"I didn't realize that a huge percentage of motorcyclists have dogs. It really was quite surprising. A lot of kids ask their parents to come in just to see Bella."
Since the staff is on the small side, "every single one of us has 16 hats that we wear throughout the day," Teasdale says. This includes manning the parts counter and mopping the bathroom floor. Teasdale's daughter was recruited to create signs for the store's current Vespa display in the boutique showroom, while her niece Lauren is employed as a salesperson. Teasdale's own extensive background is in retail and management.
"It's kind of a family thing," Teasdale says. "We try to keep the store very friendly, so I guess you can interpret it as a small-town feel."
THE POWER OF BRANDING
The spiky-haired misfit that graces Gear Head-branded merchandise is more than just a pretty cool face. Owners Dan Witmer and Mary Teasdale hope the logo will act as an ambassador for the dealership. "We wanted a little character associated with our name that would identify with the business and be easy for branding. Just as Nike is recognized by the swoosh," Witmer says.
How to go about creating this powerful branding tool? For one, you have to think of your demographic. Who are your customers, and who are you trying to attract? Witmer and Teasdale knew they wanted a fun, edgy logo that would appeal to a wide demographic. Maintaining this youthful vibe was important, considering that the store carries mainly high-end products and brands — merchandise usually reserved for a mature audience or one with a disposable income (or both). "We hope to attract all demographics with this logo," Witmer says. "We wanted a character who was young — a hip "Dennis the Menace" or Bart Simpson type of bad-boy image." The two recruited Witmer's graphic designer brother Paul for the task.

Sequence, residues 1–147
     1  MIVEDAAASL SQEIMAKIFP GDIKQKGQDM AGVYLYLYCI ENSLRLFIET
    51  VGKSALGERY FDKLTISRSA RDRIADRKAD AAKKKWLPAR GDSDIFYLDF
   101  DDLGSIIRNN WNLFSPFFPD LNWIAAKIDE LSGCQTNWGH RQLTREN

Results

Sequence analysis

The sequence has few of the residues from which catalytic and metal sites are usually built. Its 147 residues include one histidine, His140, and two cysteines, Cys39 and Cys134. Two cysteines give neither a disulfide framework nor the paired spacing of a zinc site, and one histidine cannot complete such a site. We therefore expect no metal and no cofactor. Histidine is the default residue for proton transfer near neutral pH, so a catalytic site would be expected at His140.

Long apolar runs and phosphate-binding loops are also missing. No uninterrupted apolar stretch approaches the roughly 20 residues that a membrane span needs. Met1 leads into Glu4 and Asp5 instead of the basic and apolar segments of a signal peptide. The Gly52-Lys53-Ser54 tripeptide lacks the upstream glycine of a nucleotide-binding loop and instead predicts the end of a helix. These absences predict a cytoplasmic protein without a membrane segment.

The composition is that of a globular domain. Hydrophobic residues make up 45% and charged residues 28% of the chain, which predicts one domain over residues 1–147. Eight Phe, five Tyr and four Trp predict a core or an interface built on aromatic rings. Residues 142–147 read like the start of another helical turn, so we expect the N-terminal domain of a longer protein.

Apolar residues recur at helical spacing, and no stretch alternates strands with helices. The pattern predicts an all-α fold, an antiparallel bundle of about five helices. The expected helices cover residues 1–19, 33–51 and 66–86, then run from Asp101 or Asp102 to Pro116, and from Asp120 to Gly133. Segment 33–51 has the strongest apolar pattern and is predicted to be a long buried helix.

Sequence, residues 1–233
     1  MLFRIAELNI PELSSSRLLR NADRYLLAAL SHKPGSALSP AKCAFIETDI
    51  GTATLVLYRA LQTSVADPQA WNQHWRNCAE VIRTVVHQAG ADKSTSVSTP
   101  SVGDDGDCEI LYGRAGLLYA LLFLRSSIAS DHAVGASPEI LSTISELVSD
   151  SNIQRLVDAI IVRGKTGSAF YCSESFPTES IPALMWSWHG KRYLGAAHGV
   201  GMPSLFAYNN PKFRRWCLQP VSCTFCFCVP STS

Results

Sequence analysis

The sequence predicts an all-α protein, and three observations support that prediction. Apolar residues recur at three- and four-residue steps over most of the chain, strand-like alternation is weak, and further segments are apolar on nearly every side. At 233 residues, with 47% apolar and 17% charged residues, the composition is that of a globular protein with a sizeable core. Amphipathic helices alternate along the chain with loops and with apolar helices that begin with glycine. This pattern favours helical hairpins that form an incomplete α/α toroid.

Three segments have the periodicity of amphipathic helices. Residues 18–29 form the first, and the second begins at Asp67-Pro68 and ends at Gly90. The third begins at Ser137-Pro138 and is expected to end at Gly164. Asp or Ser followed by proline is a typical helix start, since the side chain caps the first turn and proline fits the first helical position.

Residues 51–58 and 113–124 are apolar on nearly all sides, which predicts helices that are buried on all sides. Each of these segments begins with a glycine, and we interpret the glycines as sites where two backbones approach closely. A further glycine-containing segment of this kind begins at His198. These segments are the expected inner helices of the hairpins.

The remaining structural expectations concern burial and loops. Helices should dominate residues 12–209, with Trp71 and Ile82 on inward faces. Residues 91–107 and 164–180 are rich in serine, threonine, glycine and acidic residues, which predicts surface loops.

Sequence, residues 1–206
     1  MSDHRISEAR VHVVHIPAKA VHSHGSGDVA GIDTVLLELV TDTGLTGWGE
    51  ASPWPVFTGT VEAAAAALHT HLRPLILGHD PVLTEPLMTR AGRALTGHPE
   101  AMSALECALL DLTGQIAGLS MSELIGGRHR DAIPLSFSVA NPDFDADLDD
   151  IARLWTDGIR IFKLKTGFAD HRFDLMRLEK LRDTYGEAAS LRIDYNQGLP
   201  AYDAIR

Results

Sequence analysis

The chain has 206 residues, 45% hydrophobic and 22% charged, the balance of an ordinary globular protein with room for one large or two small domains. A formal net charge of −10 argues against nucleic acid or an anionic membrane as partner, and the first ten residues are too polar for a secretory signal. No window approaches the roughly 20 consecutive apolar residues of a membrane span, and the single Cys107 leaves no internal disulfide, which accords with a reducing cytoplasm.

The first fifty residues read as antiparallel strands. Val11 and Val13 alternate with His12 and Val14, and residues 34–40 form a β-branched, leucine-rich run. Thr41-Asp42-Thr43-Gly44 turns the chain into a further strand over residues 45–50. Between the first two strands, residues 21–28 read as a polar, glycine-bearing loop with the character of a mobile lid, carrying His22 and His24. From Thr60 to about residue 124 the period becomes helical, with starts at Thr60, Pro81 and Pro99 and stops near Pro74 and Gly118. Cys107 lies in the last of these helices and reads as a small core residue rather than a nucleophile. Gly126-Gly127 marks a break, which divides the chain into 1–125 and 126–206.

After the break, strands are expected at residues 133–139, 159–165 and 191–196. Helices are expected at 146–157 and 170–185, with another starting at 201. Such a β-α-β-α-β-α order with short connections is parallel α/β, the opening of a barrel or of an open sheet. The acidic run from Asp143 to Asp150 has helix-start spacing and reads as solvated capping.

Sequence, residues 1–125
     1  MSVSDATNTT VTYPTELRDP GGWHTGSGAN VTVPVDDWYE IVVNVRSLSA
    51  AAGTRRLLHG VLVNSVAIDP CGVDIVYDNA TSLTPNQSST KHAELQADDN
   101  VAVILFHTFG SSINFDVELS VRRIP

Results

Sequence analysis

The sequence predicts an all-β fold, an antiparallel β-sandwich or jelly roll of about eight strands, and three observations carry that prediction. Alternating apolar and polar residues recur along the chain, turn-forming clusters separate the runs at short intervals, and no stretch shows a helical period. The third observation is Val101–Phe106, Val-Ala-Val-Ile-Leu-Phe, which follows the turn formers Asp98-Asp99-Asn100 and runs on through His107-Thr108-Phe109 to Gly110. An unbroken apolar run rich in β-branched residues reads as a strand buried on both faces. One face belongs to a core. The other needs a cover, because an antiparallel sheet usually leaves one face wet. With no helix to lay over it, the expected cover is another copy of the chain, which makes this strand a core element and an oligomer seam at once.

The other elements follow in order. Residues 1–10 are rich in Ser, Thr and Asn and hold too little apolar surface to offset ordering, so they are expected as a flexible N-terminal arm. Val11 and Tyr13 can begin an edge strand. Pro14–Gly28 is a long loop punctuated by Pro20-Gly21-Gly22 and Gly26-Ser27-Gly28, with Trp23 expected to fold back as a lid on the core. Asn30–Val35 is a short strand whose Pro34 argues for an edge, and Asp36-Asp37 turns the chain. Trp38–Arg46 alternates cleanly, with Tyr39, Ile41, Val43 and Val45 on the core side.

Expect your logo to morph and change as you tweak and test the image until it's just what you're looking for. Gear Head's logo was sent back to the drawing board multiple times before Witmer and Teasdale deemed it just right — for now. "We have tried some different versions of it on stickers, with different sunglasses or with different hair. I'm sure [the logo] will evolve over time to something more simple," Witmer says.
And finally, does the logo accomplish what you want it to? To judge this, turn to the community — your customers — and ask.
"We've had advertising people say that it's a strong logo," Teasdale says. "You never know unless you start getting feedback."
Gear Head is also working on a "Gear Girl" image to appeal to the shop's female demographic.